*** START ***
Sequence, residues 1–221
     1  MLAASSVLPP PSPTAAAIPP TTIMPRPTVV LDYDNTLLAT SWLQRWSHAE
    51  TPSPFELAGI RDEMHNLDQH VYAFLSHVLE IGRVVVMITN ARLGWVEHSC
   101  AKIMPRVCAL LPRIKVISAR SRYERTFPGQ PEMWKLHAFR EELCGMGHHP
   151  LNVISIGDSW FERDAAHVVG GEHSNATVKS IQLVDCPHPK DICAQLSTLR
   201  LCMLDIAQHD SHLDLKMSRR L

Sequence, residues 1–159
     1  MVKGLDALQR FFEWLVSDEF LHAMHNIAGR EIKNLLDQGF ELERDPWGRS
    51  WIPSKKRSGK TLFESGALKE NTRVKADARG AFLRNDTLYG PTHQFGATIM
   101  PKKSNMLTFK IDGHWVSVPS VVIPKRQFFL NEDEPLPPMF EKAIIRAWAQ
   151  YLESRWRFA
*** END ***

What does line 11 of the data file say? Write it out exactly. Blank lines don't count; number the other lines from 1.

   151  YLESRWRFA